Since that statement was made, many protest groups, mostly comprised of minorities, have attempted to silence Mr. Trump when he appears for campaign speeches or talk shows. Saturday night was no exception when the presidential candidate hosted Saturday Night Live.

On November 7th, a group called Deport Racism offered to pay $5,000 to anyone who was willing to interrupt the live broadcast. The group’s offer was taken by one of the show’s cast members – Larry David, who impersonates Democratic presidential candidate Bernie Sanders.

Luke Montgomery, the group’s campaign director, announced following the broadcast, “We are excited to reward Larry David with $5,000 cash for ‘standing up’ to Donald Trump on ‘Saturday Night Live’ and speaking the truth about his anti-Latino racism, even though he was joking.” Indeed, David’s “racist” comment was met with laughter from fellow cast members and the audience after he explained himself.

Despite the criticism from groups such as Deport Racism, Saturday Night Live received its highest overnight ratings since 2012. Joseph Ellis, a Wingate University political science professor, commented on why the ratings were so high. “Saturday Night Live has long included political figures in their programs (Hilary Clinton, Sarah Palin, Barack Obama). What separated Trump is that is he isn’t a career politician. Even though he fancies himself a businessman, he is an entertainer above all.”

Although Trump is not widely considered to be a ‘career politician’, other serious Republican candidates such as John Kasich, Lindsey Graham, and Mike Huckabee have all written to NBC to request the same amount of air time, which is approximately twelve minutes out of the show’s 90.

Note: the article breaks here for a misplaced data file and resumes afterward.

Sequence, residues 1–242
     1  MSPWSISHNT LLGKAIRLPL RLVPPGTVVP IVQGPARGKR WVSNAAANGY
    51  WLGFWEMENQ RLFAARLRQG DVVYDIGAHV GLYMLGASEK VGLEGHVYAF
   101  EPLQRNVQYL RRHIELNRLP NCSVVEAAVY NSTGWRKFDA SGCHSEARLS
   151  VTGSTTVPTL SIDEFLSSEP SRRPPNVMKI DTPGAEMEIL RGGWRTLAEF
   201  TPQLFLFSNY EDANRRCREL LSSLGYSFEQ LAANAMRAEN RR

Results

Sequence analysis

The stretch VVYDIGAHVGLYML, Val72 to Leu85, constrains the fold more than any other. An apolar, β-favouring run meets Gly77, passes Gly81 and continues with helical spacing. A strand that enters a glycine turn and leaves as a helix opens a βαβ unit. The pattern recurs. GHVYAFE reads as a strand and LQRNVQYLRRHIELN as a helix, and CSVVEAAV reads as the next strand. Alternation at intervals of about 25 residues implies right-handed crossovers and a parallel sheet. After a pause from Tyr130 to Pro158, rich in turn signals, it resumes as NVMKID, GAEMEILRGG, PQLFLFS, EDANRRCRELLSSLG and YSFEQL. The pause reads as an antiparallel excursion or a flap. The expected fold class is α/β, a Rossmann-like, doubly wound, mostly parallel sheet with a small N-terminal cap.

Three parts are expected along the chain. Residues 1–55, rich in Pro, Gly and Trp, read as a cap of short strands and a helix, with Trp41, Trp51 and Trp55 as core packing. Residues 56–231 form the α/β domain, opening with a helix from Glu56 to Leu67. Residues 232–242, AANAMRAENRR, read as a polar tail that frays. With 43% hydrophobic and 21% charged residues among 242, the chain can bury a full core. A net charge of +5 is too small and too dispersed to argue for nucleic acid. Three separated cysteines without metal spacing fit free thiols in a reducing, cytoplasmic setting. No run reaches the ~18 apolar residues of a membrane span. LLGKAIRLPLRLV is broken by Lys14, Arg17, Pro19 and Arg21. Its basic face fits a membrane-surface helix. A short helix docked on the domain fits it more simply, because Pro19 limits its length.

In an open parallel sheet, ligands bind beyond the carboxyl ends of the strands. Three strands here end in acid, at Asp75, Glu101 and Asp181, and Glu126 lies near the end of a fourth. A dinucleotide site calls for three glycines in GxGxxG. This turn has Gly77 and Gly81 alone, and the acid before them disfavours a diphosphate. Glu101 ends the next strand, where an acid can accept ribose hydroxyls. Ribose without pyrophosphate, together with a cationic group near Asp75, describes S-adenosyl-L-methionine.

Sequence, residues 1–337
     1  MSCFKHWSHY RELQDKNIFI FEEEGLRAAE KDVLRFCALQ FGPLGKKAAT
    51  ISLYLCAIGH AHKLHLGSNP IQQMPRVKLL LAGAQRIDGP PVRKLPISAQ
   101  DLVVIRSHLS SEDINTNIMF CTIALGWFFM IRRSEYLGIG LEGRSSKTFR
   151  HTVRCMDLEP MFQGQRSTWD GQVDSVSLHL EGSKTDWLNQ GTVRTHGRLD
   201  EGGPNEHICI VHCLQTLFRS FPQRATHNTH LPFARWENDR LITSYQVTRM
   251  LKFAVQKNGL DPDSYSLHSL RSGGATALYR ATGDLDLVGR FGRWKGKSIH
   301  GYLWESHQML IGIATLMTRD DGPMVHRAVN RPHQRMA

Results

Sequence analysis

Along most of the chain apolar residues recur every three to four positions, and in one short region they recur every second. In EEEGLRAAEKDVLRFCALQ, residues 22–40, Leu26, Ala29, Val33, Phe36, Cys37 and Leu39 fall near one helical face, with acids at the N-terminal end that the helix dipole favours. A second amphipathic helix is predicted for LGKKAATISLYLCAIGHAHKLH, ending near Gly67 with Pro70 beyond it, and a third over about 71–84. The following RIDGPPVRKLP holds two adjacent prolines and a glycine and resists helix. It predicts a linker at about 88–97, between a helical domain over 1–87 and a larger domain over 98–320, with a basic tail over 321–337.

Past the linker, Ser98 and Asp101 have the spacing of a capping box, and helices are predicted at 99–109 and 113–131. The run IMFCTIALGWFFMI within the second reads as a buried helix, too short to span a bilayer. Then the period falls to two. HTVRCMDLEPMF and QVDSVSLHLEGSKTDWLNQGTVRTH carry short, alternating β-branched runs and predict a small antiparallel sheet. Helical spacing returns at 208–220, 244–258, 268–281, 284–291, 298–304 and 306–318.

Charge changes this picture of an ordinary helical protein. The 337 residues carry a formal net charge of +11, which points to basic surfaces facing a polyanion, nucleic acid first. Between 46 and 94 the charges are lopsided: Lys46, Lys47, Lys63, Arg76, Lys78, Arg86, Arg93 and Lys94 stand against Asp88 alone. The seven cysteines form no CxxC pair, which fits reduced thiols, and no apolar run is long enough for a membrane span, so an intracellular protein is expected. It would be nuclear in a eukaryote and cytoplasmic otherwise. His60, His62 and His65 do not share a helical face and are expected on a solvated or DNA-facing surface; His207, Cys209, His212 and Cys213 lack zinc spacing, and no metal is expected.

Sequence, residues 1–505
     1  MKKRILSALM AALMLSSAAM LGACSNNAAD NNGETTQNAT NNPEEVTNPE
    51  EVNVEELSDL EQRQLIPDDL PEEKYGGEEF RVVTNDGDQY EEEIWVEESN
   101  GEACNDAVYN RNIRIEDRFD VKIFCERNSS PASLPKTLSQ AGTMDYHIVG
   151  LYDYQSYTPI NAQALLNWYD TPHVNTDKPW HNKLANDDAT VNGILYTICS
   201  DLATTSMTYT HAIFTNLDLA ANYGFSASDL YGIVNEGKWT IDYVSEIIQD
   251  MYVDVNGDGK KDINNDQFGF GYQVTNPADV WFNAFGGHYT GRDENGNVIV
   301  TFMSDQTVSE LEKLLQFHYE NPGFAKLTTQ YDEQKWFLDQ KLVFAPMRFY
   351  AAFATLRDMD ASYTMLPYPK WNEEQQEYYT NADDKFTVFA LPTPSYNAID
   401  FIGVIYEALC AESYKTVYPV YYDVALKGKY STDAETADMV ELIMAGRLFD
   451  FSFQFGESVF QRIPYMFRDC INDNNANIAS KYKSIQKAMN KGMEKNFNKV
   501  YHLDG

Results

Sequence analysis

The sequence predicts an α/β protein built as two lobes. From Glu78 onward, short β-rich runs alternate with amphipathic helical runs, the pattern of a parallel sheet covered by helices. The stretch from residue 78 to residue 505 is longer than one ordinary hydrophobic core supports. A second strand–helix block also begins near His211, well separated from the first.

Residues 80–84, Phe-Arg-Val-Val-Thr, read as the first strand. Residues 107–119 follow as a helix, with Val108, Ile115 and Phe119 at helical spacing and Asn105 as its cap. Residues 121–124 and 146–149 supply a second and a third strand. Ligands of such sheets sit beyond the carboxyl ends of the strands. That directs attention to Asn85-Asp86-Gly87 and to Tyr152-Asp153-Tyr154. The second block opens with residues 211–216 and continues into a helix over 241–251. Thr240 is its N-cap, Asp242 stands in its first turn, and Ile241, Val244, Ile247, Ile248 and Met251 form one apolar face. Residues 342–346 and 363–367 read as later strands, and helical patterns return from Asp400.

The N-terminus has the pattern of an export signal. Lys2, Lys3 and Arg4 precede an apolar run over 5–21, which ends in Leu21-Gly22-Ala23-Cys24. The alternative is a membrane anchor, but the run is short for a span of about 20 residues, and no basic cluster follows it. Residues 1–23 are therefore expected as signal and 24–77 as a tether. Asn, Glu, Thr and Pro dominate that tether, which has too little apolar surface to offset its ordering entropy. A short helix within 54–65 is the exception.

Nick Corasaniti from The New York Times speculated why Trump’s time was so limited. “Mr. Trump’s screen time was very limited for a typical host of “S.N.L.” Both Amy Schumer and Miley Cyrus, who hosted episodes in October, were on screen for more than 20 minutes, evidence that NBC was aware of, and perhaps expecting, some requests for equal time.” Despite these requests, Saturday Night Live is not likely to have another presidential candidate host the show before the election next November.

As to whether or not the show itself was enjoyable, those opinions differed greatly. Although Dr. Ellis enjoyed the skits that he watched, he noted, “The problem with political comedy is that no one wants to make fun of their own candidate or views, and therefore only about half your audience will ever buy in.”

Based on the online reviews, it seemed that Trump political supporters and opposers were unable to separate their personal biases regarding his performance; they either loved it or hated it based on how they viewed his political stances. NBC, alongside the initial protests to cancel Trump’s appearance, continues to face criticism as groups such as the Congressional Hispanic Caucus demand an apology for letting Trump host the popular live sitcom.

After a failed meeting with NBC executives, the group members admitted that it was not likely to happen. Until then, group representative Gutiérrez noted that “members of the Congressional Hispanic Caucus and other members of Congress and Senators will find it hard to take anything you (NBC) say about diversity and Hispanic representation seriously until this is addressed.”

Edited by Jenna Turner and Brea Childs